There has recently been great interest in the use of three-dimensional finite elements to study local stresses in the weld areas of complex (reinforced, overlapped) tubular joints. This paper examines displacement and stress solutions obtained for selected tubular joint configurations modeled with two such thick shell and brick elements. These solutions are compared, with the aid of an a-posteriori convergence (error) criteria, to those from a well known arid widely used thin shell element. It is concluded that the three-dimensional elements examined can behave very well in typical tubular joint problems. They, however, appear to suffer more instability in irregular mesh situations than do thin shell. The proposed error criteria seems to indicate well those areas where the thin shell approximation is most suspect.
For many years thin shell theory has served as a basis for studying stress concentration factors of tubular joints. With various thin shell finite element types, detailed parametric studies have been performed in the hope of obtaining information consistent enough to establish design curves. It is not the purpose here to review this great volume of past work, but instead to compare in the tubular joint context the behavior of one well established thin shell element with two versions of publicly available three-dimensional elements.
The approach selected is to first discuss the three-dimensional element formulations outlining their salient features. The results of a small test problem are then examined and observations made. An overview of an element residua}C basis for comparing solutions of predominately thin shell problems is presented in the section ERROR ANALYSIS. A short discussion on its potential for application to of three problems solved with both thick (compatible and incompatible) and thin shell elements are compared from the displacement, stress and residual error standpoints.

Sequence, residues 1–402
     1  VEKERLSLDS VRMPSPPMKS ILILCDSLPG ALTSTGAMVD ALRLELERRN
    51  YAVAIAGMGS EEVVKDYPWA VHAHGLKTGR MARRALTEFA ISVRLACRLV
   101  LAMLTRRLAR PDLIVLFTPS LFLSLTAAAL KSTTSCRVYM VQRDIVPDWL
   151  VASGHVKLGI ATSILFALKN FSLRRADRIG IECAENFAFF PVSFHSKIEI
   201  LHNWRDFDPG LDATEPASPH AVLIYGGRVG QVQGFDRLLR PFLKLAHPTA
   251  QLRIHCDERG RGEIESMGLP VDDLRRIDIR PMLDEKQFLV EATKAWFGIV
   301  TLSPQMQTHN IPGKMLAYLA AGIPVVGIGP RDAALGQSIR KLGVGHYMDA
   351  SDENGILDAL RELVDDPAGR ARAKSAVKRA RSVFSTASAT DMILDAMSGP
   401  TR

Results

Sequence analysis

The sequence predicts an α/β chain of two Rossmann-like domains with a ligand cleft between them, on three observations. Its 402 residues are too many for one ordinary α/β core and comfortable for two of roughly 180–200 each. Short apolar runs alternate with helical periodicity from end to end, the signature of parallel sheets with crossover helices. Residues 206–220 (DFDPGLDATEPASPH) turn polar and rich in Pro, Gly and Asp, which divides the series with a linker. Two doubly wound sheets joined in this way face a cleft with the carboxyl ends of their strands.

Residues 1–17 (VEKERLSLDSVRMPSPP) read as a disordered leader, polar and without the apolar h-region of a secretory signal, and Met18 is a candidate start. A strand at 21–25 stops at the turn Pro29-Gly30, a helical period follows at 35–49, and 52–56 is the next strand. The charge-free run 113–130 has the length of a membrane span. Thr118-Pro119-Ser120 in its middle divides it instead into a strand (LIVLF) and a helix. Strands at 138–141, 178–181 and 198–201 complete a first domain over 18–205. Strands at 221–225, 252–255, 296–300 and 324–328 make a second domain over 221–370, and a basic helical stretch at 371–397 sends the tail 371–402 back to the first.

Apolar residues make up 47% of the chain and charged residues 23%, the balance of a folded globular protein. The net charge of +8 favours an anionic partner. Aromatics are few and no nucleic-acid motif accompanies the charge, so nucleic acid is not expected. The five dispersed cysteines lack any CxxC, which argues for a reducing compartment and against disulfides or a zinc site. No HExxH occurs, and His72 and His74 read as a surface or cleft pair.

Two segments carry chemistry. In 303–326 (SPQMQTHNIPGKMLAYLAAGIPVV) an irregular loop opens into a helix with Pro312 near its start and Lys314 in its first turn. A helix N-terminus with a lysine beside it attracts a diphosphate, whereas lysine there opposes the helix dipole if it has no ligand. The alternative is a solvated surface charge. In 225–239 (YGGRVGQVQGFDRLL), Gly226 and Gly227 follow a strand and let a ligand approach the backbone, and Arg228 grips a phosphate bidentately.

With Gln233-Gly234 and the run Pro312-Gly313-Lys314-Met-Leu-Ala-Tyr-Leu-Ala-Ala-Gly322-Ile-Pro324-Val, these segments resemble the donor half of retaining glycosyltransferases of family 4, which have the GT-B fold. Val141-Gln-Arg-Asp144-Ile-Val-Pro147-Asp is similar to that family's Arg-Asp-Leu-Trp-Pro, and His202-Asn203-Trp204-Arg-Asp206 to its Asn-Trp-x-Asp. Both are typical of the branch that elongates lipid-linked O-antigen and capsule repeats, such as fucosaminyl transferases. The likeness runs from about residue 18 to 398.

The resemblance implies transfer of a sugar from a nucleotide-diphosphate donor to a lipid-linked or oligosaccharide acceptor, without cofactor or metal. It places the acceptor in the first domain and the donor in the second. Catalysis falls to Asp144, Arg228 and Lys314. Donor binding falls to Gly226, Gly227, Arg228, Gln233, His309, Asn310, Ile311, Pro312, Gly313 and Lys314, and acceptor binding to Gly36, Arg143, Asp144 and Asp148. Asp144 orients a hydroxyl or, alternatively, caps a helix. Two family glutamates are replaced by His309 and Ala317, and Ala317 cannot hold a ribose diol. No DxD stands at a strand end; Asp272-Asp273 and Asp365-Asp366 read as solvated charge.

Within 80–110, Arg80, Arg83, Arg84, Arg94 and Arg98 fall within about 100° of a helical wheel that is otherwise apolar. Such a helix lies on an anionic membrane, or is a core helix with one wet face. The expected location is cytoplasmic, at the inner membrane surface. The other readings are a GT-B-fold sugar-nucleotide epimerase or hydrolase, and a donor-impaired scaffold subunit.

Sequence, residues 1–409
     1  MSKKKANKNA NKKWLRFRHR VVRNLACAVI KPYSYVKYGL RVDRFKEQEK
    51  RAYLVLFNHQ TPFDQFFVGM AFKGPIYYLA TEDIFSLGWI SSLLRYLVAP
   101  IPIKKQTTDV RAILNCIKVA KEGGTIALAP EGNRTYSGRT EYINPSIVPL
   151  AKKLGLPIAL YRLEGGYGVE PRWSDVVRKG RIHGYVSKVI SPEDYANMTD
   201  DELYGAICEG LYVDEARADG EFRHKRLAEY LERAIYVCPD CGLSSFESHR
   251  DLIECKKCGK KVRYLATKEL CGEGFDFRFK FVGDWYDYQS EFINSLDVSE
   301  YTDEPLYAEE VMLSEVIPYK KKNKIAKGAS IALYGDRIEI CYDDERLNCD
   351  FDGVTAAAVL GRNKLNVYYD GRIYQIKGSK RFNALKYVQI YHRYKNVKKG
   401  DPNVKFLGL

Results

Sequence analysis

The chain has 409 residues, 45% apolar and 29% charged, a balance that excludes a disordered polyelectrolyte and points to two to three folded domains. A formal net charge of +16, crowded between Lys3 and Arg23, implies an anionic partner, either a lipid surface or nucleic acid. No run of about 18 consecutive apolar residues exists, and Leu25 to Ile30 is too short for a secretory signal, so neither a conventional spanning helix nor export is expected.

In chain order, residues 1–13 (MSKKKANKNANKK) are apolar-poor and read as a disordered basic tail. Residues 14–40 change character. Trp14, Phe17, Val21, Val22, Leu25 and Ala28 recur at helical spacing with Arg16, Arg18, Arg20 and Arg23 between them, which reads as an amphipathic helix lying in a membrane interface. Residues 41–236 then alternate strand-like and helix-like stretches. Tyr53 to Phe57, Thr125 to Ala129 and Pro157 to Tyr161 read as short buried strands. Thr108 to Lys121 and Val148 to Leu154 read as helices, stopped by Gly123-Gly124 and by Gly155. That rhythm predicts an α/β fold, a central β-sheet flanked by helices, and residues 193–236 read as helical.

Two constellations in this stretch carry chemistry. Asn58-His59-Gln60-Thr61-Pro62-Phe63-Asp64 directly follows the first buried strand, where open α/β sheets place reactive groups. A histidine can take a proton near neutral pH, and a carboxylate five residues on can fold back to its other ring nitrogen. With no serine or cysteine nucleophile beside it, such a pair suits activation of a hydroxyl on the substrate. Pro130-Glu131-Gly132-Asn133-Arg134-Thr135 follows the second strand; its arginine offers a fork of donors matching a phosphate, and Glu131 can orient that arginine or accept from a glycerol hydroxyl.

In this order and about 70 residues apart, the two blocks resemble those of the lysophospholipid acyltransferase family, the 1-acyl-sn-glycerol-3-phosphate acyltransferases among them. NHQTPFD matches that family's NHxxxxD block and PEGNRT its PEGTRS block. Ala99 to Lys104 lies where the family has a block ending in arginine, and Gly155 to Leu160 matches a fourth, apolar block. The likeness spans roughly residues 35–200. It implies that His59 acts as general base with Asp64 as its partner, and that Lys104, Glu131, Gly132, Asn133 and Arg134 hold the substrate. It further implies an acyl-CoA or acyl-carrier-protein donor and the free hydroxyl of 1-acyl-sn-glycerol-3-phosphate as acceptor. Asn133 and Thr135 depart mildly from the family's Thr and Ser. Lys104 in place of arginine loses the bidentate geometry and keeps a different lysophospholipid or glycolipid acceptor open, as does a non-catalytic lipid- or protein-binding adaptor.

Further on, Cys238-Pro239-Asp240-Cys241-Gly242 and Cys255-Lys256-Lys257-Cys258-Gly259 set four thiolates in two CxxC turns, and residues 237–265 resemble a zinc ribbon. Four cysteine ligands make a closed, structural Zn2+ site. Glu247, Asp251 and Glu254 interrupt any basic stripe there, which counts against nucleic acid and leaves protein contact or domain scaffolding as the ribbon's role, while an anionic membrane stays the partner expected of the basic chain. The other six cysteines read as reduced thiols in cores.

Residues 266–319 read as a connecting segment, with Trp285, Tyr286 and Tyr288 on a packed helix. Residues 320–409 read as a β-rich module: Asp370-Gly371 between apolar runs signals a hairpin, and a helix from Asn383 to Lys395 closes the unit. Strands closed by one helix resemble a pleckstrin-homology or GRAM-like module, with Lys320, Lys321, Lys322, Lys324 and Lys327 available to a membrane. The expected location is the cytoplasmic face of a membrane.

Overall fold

In this study, two types of three-dimensional isoparametric solid elements are used. One is an eight noded "brick" element. The other is a sixteen noded "thick-shell" element. As described in the following section, various "incompatible" modes are introduced into the stiffness formulations of these elements to improve their flexural behavior. Both the basic (compatible) and the incompatible versons of these elements are utilized in this study.
The 8 and 16 noded isoparametric elements under consideration are shown in Figure 1. The global Cartesian coordinates are denoted as (X1, X2, X3) and the element local coordinates as (available in full paper), both right handed systems. The local coordinates range from -1 to +1 with (0,0,0) located at the centroid of the element. In the isoparametric family of elements, the local and global coordinates are related as follows (see for example Reference ):
(Available in full paper)